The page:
About Us

The Analysis under Uncertainty for Decision-Makers Network (AU4DM) is interested in understanding decision-making from an end-to-end perspective, including:

  • Problem definition and framing;
  • The tools available to assist decision-makers and their value in making decisions;
  • The interactive processes that take place between decision-makers, policy makers, and analysts;
  • Explaining risks and uncertainties; and
  • Communicating to relevant audiences throughout the decision making process.

The Network’s members wish to better understand decision-making from policy, academia, and industry sectors both UK-centric and internationally.

A Steering Committee directs the activities of the Network and engages with different sectors in order to ensure its relevance to Network members.

The Network is a community of researchers and professionals from policy, academia, and industry who are seeking to develop a better understanding of decision-making, to build capacity and improve the way decisions are made across sectors and domains.

AU4DM believes that taking a holistic view of the processes around decision-making will improve the decisions at each point within an overarching decision ‘system.’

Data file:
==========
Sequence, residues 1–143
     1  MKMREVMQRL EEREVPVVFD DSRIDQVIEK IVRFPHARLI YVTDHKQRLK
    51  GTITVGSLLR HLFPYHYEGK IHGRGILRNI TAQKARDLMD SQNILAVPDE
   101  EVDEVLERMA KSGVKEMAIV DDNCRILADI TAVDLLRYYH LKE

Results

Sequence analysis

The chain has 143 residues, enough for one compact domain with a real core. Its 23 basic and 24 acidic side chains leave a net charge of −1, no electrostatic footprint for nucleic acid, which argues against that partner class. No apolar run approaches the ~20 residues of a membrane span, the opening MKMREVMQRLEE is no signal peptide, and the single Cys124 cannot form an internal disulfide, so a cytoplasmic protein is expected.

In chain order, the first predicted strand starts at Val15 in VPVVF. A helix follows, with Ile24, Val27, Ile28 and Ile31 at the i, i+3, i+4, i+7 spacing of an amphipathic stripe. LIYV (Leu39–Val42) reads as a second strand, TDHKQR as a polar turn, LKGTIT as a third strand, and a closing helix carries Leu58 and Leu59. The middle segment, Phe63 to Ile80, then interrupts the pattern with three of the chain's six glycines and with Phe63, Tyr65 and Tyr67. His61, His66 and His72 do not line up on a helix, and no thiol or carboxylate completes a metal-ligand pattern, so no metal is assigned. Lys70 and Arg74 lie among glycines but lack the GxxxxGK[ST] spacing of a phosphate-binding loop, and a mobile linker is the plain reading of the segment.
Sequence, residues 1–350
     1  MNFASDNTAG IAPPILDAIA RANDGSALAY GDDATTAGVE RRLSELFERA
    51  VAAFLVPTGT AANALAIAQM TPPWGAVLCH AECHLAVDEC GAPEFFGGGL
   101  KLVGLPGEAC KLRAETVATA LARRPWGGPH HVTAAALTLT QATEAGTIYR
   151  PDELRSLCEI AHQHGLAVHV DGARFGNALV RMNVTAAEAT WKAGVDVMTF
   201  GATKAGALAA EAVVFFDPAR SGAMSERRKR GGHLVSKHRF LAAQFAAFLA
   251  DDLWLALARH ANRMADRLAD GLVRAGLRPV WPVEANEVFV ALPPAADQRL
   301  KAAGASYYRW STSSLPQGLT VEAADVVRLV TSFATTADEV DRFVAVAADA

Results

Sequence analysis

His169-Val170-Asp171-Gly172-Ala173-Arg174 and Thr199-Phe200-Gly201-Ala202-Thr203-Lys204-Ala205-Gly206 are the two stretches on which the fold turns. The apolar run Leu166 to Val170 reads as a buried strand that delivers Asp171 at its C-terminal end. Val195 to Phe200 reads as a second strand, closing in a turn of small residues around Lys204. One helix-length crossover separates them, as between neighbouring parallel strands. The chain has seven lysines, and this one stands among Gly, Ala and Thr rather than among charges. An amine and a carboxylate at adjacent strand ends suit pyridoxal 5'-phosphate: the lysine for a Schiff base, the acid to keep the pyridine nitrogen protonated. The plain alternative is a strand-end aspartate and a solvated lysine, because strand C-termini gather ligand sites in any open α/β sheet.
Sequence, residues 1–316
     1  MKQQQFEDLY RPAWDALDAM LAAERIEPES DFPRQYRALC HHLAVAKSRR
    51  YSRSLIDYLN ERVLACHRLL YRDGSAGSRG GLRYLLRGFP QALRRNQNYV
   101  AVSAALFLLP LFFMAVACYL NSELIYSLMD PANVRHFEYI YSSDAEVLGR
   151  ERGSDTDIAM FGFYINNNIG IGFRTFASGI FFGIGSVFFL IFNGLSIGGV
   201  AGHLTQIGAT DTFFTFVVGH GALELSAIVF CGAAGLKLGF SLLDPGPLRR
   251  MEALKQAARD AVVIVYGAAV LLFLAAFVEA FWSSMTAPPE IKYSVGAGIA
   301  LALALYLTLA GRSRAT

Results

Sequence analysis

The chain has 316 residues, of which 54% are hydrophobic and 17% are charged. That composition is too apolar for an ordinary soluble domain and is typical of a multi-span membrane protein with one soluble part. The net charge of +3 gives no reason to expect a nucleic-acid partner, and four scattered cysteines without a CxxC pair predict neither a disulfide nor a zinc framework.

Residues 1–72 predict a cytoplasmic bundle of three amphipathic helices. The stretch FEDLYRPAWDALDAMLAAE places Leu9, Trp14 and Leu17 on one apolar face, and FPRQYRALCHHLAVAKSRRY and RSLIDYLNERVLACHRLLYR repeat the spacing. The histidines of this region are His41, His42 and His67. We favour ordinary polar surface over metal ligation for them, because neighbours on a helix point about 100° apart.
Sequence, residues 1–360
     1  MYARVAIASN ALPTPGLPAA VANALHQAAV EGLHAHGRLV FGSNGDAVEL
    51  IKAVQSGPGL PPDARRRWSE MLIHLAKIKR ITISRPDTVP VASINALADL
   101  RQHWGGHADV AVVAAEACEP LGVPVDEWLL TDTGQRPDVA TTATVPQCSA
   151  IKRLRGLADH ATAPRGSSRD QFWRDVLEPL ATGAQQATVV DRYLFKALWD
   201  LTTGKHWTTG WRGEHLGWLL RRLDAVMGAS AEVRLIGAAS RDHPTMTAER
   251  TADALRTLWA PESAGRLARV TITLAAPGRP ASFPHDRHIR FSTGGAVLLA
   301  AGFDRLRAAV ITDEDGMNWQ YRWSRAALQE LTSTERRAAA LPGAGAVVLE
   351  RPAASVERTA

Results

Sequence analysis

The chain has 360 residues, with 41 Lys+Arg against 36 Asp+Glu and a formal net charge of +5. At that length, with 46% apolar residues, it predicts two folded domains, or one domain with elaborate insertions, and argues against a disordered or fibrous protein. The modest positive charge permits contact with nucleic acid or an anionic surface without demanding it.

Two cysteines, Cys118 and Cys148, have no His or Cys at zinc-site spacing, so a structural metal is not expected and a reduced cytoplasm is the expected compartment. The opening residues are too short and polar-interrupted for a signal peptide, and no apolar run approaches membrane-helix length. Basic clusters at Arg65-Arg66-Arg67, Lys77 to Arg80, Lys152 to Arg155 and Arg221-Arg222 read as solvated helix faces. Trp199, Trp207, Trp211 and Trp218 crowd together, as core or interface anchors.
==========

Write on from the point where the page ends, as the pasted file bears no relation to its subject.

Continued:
Our work is aimed at decision-makers. The Network defines decision-makers as those who are engaged in the cognitive process resulting in the selection of a belief, or a course of action, among several alternative possibilities, which produces a final choice—which may or may not prompt action. They are involved in the process of identifying and choosing alternatives based on values, preferences, and beliefs.

AU4DM was launched in May 2015 with the express aim to provide a better understanding of problems faced by decision-makers in terms of:

  • What they want to inform their decisions
  • The institutional architectures within which decisions are made; and
  • The circumstances and incentives decision makers have to make their decisions.
AU4DM believes that taking a holistic view of the processes around decision‑making will improve the decisions at each point within an overarching decision-‘system.’